Skip to main content

Big Lots Q1 sales fall amid spending pullback by core customers

Big Lots
Big Lots reported a first-quarter net loss of $205 million.

Big Lots reported a loss and disappointing sales for its first quarter as its core consumers remain under financial pressure and continue to rein in spending, particularly in high-ticket discretionary items.

In a statement, president and CEO Bruce Thorn said that although near-term conditions have been challenging, the company is not slowing down on making progress to transform its business.

“The current financial performance does not yet reflect the stronger business model that we’ve created through our five key actions, but we expect the fruits of those efforts to become more apparent in the back half of the year,” Thorn said.

The five actions include to “own” bargains, to communicate unmistakable value, to increase store relevance, to win customers for life with omnichannel efforts and to drive productivity. Big Lots is moving to its goal of 75% bargain penetration and, within that, to substantially grow its extreme bargain penetration to 50% by year-end.

“Extreme bargains provide significant savings over price leaders and are working, as we've seen the sales trend shift from negative to solidly positive in several categories along with a better gross margin outcome,” Thorn said. “We still have a lot of work ahead of us, but remain confident that the five key actions are putting us on the right path to turn around our business.”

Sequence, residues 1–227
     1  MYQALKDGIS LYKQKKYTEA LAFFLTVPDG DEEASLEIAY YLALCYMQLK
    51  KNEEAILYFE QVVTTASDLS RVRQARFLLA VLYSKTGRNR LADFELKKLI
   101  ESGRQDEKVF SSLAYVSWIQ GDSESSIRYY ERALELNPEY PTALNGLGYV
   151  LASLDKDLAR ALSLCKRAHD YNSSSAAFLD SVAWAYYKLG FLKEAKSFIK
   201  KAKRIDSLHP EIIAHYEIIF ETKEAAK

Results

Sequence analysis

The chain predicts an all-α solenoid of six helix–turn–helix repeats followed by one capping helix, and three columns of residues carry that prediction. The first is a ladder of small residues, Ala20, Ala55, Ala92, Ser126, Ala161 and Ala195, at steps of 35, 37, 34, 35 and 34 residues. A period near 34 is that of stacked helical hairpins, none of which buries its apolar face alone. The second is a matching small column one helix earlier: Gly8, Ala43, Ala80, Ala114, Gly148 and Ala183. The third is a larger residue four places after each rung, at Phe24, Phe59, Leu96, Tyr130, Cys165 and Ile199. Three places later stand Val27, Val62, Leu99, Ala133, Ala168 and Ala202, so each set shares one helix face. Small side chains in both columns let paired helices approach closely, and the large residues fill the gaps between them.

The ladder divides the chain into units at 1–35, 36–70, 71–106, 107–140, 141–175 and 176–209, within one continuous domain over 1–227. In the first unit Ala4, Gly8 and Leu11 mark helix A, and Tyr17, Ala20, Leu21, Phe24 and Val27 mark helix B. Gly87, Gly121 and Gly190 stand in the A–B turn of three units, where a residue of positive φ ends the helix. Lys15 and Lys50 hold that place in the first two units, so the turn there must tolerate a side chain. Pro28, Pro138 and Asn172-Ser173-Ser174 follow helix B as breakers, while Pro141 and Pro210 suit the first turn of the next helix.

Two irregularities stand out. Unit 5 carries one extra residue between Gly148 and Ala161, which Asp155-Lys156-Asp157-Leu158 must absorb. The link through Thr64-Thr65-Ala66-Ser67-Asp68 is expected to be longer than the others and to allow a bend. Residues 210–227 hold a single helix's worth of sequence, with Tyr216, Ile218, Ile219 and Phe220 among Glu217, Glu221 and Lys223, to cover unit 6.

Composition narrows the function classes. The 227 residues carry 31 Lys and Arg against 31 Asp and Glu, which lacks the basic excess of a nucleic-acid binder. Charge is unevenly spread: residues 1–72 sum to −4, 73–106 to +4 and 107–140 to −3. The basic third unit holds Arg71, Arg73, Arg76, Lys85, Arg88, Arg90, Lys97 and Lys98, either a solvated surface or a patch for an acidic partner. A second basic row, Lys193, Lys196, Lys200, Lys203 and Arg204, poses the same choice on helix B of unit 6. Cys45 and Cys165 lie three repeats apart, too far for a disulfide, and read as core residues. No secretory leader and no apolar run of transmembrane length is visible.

The discounter reported a net loss of $205 million, or $6.99 a share, for the quarter ended May 4, compared to a loss of $206 million, or $7.10 a share, in the year-ago period. The company’s adjusted loss per share came to $4.51. Analysts had expected a loss of $3.92 per share. (The 2024 results include a net after-tax loss of $72.7 million, or $2.48 per share, associated with impairment charges, fees related to Project Springboard and distribution center closure costs.)

Sales fell 10.2% to $1.009 billion, missing estimates of $1.040 billion. Same-store sales fell 9.9%. In April, Big Lots opened two international buying offices, “strategically” located in Shanghai, China and Ho Chi Minh City, Vietnam in a move to enhance its competitiveness in sourcing products, including closeout deals and extreme bargains. 

In February, the company closed on a deal to acquire the entire inventory of the Hearthsong brand of children's toys. The inventory, valued at more than $22 million, will bring more than 500 new SKUs to Big Lots stores across the country.

"Our operational initiatives to offer a larger assortment of new and exciting extreme bargains, cut costs, and increase productivity exceeded our targets in Q1,” Thorn stated. “This enabled us to improve consumer perceptions about our brand and the value we offer, and to deliver a year-over-year improvement in gross margin and operating expenses, despite significant sales pressure.” 

Big Lots has more than 1,300 stores in 48 states.

This ad will auto-close in 10 seconds